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Cryptocurrency 101: How bitcoin works and is backed

March 24, 2021

Cryptocurrencies like bitcoin have had another surge in popularity over the past few months, leading to many questions: What is bitcoin backed by? Why is it worth so much? How do I buy it — and should I?

servers and laptop mining bitcoin On Feb. 21, 2021, bitcoin hit a high value of $57,489 per coin. The next day, Treasury Secretary Janet Yellen called it speculative, volatile and extremely inefficient. She said questions remain about its legitimacy and stability because of how it is used and how it is “mined.” (Late February brought a dip, after which the value began increasing again and briefly crossed the $60,000 mark in mid-March.)

The value of cryptocurrency is two-fold: the potential of its decentralized technology and investment speculation. But first, let’s start with the basics. Boiling this somewhat mysterious concept down to familiar building blocks will help us decide whether to invest in cryptocurrencies directly, indirectly, or not at all.

What is bitcoin and how does it work?

So, we know bitcoin is hot and controversial. But what IS it?

Bitcoin is the first cryptocurrency, created in 2009. There now are thousands of types of cryptocurrencies. These digital financial assets have no physical counterpart like cash or gold futures do. You can buy goods and services with cryptocurrency if the seller accepts it, but many people use them as an investment.

There is nothing particularly new about the concept of digital money. Think of credit card or Venmo transactions, where dollars move electronically with no physical cash involved.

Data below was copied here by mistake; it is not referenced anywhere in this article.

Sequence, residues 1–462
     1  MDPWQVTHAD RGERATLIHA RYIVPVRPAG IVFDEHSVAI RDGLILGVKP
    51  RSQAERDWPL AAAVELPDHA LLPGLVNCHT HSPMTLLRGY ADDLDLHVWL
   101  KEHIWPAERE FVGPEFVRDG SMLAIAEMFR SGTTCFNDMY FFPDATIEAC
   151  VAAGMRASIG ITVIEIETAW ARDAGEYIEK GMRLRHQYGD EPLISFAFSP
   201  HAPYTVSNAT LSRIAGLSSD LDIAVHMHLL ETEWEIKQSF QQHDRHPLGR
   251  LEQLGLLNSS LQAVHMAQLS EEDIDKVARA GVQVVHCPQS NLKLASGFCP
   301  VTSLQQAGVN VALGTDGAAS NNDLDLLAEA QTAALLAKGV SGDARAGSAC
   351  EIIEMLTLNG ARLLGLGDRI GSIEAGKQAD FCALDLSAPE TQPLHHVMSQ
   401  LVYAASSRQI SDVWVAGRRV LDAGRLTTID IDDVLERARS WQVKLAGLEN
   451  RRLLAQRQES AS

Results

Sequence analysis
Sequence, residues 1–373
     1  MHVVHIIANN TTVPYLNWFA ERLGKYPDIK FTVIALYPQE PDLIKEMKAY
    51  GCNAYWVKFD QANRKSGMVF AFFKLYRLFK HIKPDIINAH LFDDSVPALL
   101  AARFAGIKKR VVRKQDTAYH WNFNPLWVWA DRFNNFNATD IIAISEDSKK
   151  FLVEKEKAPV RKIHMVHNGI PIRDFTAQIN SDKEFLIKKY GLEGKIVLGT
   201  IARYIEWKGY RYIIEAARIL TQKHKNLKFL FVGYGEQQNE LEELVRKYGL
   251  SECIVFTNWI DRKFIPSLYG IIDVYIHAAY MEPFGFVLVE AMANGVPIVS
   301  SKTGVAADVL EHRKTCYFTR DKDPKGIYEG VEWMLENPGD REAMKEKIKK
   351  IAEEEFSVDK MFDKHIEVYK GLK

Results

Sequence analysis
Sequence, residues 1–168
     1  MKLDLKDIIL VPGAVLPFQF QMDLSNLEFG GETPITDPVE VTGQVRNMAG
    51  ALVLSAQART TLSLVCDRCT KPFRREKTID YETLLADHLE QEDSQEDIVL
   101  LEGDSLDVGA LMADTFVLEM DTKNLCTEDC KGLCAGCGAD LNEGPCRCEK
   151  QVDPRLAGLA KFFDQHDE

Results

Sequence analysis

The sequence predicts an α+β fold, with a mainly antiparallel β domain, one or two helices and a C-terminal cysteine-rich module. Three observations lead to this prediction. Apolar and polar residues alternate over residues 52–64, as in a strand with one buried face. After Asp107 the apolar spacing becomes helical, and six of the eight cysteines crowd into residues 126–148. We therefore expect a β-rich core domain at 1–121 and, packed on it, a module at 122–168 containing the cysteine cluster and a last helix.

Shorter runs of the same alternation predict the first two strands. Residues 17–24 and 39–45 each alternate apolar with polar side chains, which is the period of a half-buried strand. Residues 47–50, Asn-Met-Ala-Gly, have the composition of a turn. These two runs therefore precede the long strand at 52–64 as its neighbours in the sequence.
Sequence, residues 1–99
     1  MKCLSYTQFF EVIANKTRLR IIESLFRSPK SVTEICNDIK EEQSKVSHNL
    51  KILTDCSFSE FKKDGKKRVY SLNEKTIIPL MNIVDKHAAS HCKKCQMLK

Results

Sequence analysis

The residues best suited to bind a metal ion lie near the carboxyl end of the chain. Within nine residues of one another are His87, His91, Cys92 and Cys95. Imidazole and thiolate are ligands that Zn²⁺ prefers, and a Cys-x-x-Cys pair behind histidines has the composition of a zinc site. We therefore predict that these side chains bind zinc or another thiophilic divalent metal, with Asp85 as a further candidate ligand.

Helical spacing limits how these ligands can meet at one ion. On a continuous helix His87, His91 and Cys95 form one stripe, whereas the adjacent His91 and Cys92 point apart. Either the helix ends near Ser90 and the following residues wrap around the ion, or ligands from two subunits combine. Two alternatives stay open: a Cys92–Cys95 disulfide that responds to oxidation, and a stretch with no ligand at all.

Related: Explore the risks and value of cryptocurrency

What is bitcoin backed by?

The big difference with cryptocurrencies is that no central authority backs or regulates them. Millions of computers all over the world verify transactions, which are anonymous.

Here’s why this matters:

It's a Wonderful life run on bank scene Do you remember the “It’s a Wonderful Life” scene where Building & Loan customers all demanded their cash at once? While Old Man Potter’s actions were a catalyst, the key question was, “Who backs my money, and can I rely on that backer?” The Building and Loan customers asked for their money because they were concerned about its safety.

We no longer see such runs on U.S. commercial banks because of regulations started after the Great Depression. Money in a local bank — up to $250,000 — is backed by the U.S. government through FDIC insurance.

In addition, U.S. currency is backed by the U.S. economy. This means you can go to the U.S. government (through a bank or investment advisor) and exchange your dollars for a different form of value: a U.S. Treasury bond or note where the U.S. government will pay you interest and principal.

What can happen if there is no backer?

This “promise to pay” has value provided the backer is financially reliable, i.e., as long as the U.S. economy is strong enough to create a tax base that can repay U.S. government debt.

Think about the end of WWII, when a wheelbarrow full of German Reichsmarks could not buy a loaf of bread. Or consider how the Confederate dollar lost value at the end of the Civil War. In these cases, the government could not make good on any type of promise to pay.

With cryptocurrency, there is no authority to pay out if you were to try to exchange your digital assets for another form of value.

Central bank digital currencies are in early development, however. These will be cryptocurrencies that are produced by and backed by a government. China and South Korea are piloting the technology.

What’s the technology potential?

While cryptocurrencies do not have a backer, the decentralized blockchain technology that runs them is exciting. I would even say ingenious.

blockchain illustration It may well be a leap forward, which we all know can make a difference in the world. Think of the cost of a long-distance phone call 50 years ago versus today. Or think about the sophistication of instant messaging technology 20 years ago versus today.

Blockchain may be a better way to handle many large databases. There is opportunity in medical records, financial accounts, supply chains, election returns and more.

With cryptocurrency, blockchain has the potential to reduce transaction costs and delays. It also could act as a world currency — no need to exchange your dollars for euros, for example.

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